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Discussion Starter · #1 ·
Does anyone here shoot a recurve that is truly center shot?
With a 5/16' arrow, mine is and I am wondering of I should bother to go to a thicker strike plate?
The arrows fly well but I am getting a bit of feather wear on bottom hen feather indicating stiff spine.
Titan II, 54# @29". Brace is 8 1/4".
GoldTip .400, 31", 125 tip with 20 grain weight to insert for total point weight of 158 grains. 3 x 4" fletching, left wing
 

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I'm certainly not the "sharpest tool in the shed" here to be answering tune questions, but I think recurve risers cut 3/16th inch past center are fairly common among bowyers. Mine is and with a calf hair sideplate my 5/16" shafts are still pointing well left of the centerline at brace. Your set-up sounds reasonable to me and a thicker sideplate is going to make a given arrow act stiffer unless I'm missing something. Why not try a 175 or 200 gr. head if you want to weaken spine? My bottom hens will show wear when my nock point is too low.
 

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The arrows fly well but I am getting a bit of feather wear on bottom hen feather indicating stiff spine.
Assuming your nock height is correct, here is a couple things that could eliminate your feather wear.

First of all, if you don't already have one, tie a second nock set below your nock. This prevents downward nock slip upon release.

https://plus.google.com/photos/116451859615119061133/albums/5440061363494899889?banner=pwa

Second, turn cock feather in. This gets your lower hen feather out away from your shelf when the arrow flexes.
 

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Discussion Starter · #4 ·
I have a second nock set tied in. I guess I will have to try and adjust the distance between them.
When I say the bow is center shot, I am referring to the arrow position. The string tracks down the center of the limbs and the arrow as it sets on the set before being drawn. Usually I see guys shooting so that the inside edge of the arrow tip aligns just to the outside of the string.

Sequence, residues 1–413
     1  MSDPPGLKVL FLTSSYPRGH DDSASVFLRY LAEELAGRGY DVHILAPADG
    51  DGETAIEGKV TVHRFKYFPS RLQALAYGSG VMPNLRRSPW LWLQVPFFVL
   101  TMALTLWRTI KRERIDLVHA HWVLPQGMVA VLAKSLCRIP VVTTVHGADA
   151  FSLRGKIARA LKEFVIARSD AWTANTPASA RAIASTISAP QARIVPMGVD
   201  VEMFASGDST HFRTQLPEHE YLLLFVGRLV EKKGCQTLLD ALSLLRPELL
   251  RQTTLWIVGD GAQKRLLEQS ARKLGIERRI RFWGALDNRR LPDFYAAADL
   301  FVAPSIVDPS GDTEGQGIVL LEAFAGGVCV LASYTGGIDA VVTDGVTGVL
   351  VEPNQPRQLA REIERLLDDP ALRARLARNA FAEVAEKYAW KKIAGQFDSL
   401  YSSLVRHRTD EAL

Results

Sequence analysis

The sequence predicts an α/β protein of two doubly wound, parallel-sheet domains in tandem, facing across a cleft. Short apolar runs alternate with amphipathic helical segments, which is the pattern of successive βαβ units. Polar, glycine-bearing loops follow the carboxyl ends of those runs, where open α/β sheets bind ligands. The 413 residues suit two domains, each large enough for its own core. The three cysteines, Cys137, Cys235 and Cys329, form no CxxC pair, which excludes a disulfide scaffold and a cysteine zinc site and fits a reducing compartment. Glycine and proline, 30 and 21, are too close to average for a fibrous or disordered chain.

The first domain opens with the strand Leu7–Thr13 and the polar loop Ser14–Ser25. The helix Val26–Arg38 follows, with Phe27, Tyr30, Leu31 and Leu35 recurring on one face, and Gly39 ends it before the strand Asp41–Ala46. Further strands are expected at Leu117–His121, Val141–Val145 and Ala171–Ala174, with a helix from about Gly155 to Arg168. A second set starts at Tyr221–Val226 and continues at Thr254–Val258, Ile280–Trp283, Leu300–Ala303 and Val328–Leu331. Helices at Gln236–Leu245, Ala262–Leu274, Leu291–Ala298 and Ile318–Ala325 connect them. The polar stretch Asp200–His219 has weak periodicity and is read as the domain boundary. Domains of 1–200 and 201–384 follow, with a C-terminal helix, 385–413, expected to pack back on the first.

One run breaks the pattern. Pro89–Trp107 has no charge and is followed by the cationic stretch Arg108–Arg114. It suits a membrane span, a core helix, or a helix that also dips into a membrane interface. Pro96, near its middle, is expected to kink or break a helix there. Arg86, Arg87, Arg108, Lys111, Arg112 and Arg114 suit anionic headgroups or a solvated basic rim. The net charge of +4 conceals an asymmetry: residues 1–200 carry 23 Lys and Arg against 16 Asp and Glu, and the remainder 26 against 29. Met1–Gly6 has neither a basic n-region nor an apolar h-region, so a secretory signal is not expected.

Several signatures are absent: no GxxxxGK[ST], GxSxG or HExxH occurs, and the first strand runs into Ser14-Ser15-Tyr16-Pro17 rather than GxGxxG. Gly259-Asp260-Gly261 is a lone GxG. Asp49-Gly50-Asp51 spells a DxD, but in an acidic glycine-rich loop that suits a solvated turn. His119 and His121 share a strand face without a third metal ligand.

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Discussion Starter · #7 ·
I want to avoid going to cock feather in as I think it is a fix rather than a solution. I have to figure that that feather will then wear. Will try heavier points and weights in the inserts to weaken spine.
 

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Try dropping your brace high by two turns at a time,that way you weaken your spine slightly and gain a bit of extra power stroke and speed.
I shoot a Titan II with medium limbs at 35lb @28.5 .
Have my brace set at 7" and it shoots very very well.
Also have my arrow aligned with the string.
Maybe add a bit of preload for a similar effect, or even both like I have.

John.
 

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Discussion Starter · #9 ·
Sorry for the typo.... Bow is Titan III (19"), not Titan II.
I don't know if that will matter or not.
The TradTech web sight recommends a brace of 7 3/4" - 8 3/4" for the 19" riser and my long limbs.
I went to a 145 tip with 20 grain insert weight and then even added another and they still fly well. That is giving me just shy of 200 grains total point weight. I was never one for a lot of tip weight but in this case, it may be the way to go. I hope to get some powder and dust the riser to check for clearance.
 

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I want to avoid going to cock feather in as I think it is a fix rather than a solution. I have to figure that that feather will then wear. Will try heavier points and weights in the inserts to weaken spine.
That's not necessarily the case. Avoiding cock feather contact requires substantially less flex than lower hen feather contact.

Also turning cock feather in is no more of a "fix" than adding point weight. They both just allow for the use of a shaft that might be marginally stiff. Whatever you do to get proper arrow flight with minimal or no contact is a "solution."
 
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